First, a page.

The counter to Phil Mickelson's Hall of Fame skill is his innate ability to self-destruct. Each is equally compelling, Phil the Thrill also the human train wreck that does not allow us to look away.
ESPN did a superb job of showing the train wreck in the first round of the British Open on Thursday, even capturing his running commentary without its announcers talking over him.
That hasn't always been the case. Last year, ESPN was criticized for its talent talking over what sounded like an interesting exchange between Mickelson and caddie Jim Mackay over club selection. This time, it allowed the viewers to hear him discuss his travails at Royal Lytham & St. Annes.
For instance, at the third hole, with his ball having disappeared into thick rough, Mickelson was heard discussing with a rules official what his options might be. "You know, I can't even see it where I'm swinging," he said. "Is there any rule about that? I mean, standing over it I can't even see it."
He was given no relief and slashed it back to the fairway and eventually made bogey.
On the seventh hole, from the left hay, he and Mackay were heard discussing options, including Mickelson's concern that were he to attempt to slash it out he might hurt himself. He chose to play it out sideways and hit it across the fairway into more rough. He made double-bogey there.
On the eighth hole, when a search party was required to help him locate his ball after a fairway bunker shot that traveled no more than four or five yards went missing (see photo above), viewers were allowed to eavesdrop on both the search, then the aftermath as Mickelson wondered whether he'd get relief from his ball having been imbedded.
He was granted no such relief and had to take an unplayable lie, though he salvaged bogey.
Mickelson was "three swings away from having a decent round," Azinger said. Instead, he shot a three-over par 73 that puts him nine shots behind leader Adam Scott.
Boomer, Phil and two gloves
ESPN's Paul Azinger invoked the late Percy Boomer, a renowned golf instructor from England, in explaining Mickelson's difficulties on the back nine, when he played with gloves on both hands to counter the drop in temperature.
"Percy Boomer made a comment a hundred years ago, the hands are like spark plugs on a car. When timed incorrectly they could backfire," Azinger said. "When I see a guy put on a second glove and he's got some 20 to 30,000 hours invested in practicing with one glove I tend to wonder if his hand hasn't backfired on him a couple times today."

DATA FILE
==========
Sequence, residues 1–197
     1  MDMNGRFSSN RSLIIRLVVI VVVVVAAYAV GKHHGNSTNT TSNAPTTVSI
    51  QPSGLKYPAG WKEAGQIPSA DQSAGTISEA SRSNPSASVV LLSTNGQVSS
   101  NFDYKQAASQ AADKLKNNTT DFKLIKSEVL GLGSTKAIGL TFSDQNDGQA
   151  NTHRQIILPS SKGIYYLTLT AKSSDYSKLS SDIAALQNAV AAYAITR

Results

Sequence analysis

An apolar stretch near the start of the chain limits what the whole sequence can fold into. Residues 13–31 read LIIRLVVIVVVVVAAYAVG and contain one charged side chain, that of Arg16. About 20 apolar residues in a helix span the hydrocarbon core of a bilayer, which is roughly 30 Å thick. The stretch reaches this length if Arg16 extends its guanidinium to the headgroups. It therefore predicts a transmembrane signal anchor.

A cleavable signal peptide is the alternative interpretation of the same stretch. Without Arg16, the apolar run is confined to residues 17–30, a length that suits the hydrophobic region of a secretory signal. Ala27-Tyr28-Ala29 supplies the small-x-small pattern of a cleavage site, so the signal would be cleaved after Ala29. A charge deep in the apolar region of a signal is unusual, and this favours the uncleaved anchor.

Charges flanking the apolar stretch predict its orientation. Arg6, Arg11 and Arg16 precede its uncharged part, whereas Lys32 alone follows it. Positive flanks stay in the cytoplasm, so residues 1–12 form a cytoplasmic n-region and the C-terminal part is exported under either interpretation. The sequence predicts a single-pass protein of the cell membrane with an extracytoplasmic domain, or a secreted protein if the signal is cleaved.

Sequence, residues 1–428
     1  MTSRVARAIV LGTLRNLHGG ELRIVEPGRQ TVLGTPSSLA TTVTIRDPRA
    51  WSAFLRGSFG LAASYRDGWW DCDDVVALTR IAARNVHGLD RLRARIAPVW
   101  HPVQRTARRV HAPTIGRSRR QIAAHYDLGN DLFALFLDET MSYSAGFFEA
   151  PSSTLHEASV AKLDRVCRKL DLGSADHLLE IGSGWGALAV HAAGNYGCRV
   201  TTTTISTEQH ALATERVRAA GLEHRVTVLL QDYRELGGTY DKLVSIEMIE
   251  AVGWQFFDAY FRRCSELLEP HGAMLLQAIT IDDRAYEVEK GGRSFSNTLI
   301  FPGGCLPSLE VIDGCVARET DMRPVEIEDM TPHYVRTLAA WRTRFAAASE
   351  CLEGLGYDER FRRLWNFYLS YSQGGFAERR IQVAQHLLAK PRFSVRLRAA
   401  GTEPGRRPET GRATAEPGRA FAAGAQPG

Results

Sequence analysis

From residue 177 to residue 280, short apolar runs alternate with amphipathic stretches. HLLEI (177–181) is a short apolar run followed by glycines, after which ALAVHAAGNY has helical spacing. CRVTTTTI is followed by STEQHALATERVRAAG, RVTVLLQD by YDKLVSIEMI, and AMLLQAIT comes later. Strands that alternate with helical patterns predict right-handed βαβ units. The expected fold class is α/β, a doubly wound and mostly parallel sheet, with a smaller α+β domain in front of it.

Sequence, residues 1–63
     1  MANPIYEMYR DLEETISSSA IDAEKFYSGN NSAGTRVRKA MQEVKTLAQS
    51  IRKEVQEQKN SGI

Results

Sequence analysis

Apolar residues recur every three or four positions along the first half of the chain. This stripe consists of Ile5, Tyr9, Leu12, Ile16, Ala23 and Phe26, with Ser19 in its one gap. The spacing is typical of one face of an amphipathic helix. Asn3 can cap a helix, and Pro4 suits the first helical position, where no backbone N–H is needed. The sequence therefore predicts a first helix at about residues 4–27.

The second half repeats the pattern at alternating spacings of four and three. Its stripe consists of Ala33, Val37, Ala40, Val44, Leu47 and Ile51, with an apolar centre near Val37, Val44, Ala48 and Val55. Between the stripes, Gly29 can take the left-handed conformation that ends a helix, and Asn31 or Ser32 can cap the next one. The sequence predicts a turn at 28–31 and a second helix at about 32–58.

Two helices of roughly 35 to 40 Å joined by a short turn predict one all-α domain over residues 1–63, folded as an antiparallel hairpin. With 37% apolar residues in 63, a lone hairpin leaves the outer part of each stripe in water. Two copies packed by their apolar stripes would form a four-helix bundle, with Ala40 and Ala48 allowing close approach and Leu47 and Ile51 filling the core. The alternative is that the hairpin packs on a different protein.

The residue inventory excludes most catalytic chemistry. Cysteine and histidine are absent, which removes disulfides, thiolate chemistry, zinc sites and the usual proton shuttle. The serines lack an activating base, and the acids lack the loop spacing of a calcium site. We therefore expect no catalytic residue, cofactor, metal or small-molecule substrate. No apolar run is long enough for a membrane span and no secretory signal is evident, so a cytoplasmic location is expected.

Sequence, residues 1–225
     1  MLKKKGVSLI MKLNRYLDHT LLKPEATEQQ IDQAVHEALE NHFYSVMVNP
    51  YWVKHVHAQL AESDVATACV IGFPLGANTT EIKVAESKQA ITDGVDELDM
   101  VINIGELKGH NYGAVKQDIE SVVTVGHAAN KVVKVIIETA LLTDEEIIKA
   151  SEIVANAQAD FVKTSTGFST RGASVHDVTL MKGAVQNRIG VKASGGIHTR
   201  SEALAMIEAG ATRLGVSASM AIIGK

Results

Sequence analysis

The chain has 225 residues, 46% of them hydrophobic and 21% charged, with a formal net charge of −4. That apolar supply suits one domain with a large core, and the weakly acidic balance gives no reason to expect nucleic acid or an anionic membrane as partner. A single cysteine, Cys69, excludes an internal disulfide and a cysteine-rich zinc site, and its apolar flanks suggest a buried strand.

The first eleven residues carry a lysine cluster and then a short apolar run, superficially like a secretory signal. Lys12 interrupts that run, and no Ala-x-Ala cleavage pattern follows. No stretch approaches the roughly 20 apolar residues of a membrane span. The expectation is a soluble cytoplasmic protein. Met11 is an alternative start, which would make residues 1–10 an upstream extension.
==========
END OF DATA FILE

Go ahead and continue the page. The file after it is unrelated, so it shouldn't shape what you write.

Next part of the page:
'The clock's ticking'
Azinger had this to say at the outset of Tiger Woods' round on Thursday morning:
"One thing to watch for today is how Tiger starts. His 74 wins, he's only had four rounds over par the first day and come back to win, which is a staggering statistic. Three of those came in majors. He knows the clock's ticking and it's time to get after it."
'Another golf course that hates me'
The trials of Sergio Garcia were discussed by Mike Tirico and Azinger early in the broadcast.
"Garcia at times has been his own worst enemy in so many ways," Tirico said. "He felt it was not him, it was the golf gods against him."
"He said, 'I'm dealing with forces unseen,'" Azinger replied. "If he said that out loud you wonder what he might say to himself. Player self-talk is critical to their success in their career...You just don't want to be your own worst enemy. I remember Watson with Woody Austin when he beat himself over the head one or two times. Watson gave him some advice: 'It's hard enough to have friends out here you might want to be a friend to yourself.'"
Golf Digest's Dan Jenkins, aka the Ancient Twitterer, typically summed it up best on Twitter: "Already eight strokes behind. Me. Sergio. Another golf course that hates me."
It's over, Lee
Did Lee Westwood play himself out of the championship on the back nine on Thursday? Azinger suggested he has.
"He's bogeyed four of the last five holes, which is pretty surprising," Azinger said. "Disappointing start for Westwood. Probably knocked himself out of the tournament here in the first round."
Westwood shot a three-over par 73, which, if too deep a hole from which to climb eliminates Mickelson, as well.
Azinger on 2010 Open Championship winner Louis Oosthuizen: "I asked him if he watched our coverage after he won the tournament. Said, 'Yes, I did. I was enjoying listening to you butcher my surname.'"
For two days in 2010, Azinger tortured Oosthuizen's last name. On Saturday's broadcast, he said, "Oost, Oosthaven, Oosthazen, I'm sorry, how embarrassing."
On Sunday's telecast, he called him Oosten-hazen before correcting himself.
Alliss in wonderland
"For many years there were two or three families of hares on the course here," Peter Alliss said during his daily stint with ESPN. "You used to see them when the Open came around. They were as big as a spaniel dog...I don't know what happened to them."
"How did you know they were related?" Terry Gannon asked.
"One of them had a smile on his face," Alliss said.
-- John Strege